Money doesn’t serve people

Our government should serve the people, not special interest groups.

Daily Editorial Board

In our day, even amidst economic recessions, the flow of money into politics is incessant. From legislation influenced by corporations through political lobbying to drafting model legislation through groups like  the American Legislative Exchange Council, we must tell our legislators that this model is not democratic. Our interests as citizens are not being served.

Even organizations that are supposedly in favor of transparency are fighting against their missions. In 2012, Google has already eclipsed its four largest competitors combined (Microsoft, Yahoo, Facebook and Apple) to spend more than $5 million on lobbying — directly in the wake of anti-trust violation investigations, bypassing privacy settings in web browsers and federal fines for its data collection practices.

An attempt by the Federal Communications Commission to make political contributions from media corporations more transparent is being opposed by the world’s largest media-owning corporations, companies like News Corporation, Walt Disney, NBC Universal and Allbritton, among a long list of others. These corporations all own media organizations that tout transparency and access to information but are now fighting to protect their own actions from being publicly disclosed and easily accessed.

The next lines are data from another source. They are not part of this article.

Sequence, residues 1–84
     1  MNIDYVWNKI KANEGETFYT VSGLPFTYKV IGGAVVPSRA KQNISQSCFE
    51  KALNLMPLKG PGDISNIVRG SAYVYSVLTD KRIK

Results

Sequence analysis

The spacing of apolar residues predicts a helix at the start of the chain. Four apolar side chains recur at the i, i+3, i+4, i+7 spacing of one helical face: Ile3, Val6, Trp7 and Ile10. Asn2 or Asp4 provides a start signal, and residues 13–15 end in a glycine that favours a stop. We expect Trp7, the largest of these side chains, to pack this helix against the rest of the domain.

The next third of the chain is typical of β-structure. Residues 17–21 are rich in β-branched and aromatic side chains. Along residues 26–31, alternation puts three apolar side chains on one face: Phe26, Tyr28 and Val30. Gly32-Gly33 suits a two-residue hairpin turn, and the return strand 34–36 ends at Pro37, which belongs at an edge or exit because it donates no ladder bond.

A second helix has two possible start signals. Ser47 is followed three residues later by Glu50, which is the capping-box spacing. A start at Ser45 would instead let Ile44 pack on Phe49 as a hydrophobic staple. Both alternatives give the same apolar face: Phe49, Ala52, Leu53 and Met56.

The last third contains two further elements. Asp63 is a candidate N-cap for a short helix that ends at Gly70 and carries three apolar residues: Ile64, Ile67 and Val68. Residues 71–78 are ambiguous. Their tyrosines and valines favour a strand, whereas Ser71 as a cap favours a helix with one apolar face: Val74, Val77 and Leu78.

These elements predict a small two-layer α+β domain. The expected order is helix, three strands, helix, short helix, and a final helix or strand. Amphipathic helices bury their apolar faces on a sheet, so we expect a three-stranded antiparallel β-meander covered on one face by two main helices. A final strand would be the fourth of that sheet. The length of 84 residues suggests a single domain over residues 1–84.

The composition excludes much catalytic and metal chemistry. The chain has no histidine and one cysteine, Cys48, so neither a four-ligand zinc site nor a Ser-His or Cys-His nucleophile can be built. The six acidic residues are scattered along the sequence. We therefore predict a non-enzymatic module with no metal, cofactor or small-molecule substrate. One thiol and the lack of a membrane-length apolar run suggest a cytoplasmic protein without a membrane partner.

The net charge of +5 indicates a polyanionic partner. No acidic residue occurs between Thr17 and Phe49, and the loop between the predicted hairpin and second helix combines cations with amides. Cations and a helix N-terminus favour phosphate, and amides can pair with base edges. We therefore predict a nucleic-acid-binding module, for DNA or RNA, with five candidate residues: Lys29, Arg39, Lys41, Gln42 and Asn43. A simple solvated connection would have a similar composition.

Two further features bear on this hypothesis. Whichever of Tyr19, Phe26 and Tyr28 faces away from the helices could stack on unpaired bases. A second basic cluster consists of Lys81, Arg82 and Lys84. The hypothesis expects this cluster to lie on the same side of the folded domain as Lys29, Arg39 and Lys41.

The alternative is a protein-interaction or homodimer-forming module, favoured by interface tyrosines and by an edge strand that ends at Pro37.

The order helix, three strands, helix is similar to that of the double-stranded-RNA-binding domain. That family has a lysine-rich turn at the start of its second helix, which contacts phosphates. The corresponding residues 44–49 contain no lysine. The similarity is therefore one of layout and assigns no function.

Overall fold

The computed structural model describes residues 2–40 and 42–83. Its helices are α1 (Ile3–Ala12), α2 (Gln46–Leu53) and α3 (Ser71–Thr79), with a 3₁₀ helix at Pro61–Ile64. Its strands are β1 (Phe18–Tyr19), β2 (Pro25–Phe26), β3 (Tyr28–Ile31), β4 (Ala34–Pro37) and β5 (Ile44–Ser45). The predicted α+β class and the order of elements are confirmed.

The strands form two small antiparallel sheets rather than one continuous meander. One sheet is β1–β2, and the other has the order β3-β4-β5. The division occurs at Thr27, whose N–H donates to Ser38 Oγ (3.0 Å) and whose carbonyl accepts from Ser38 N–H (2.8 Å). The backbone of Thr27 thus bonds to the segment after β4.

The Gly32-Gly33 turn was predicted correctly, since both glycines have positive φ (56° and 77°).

This trend in the U.S. must stop. Pressure from these sources is clearly not “informing” our politicians but rather providing them with biased research and skewing the playing field toward those who can afford lobbyists. For us to be a free nation, we need our big businesses and special interests to stop telling the government how to protect its people. We must ensure that those with money to spend are not a politically influential power in our country.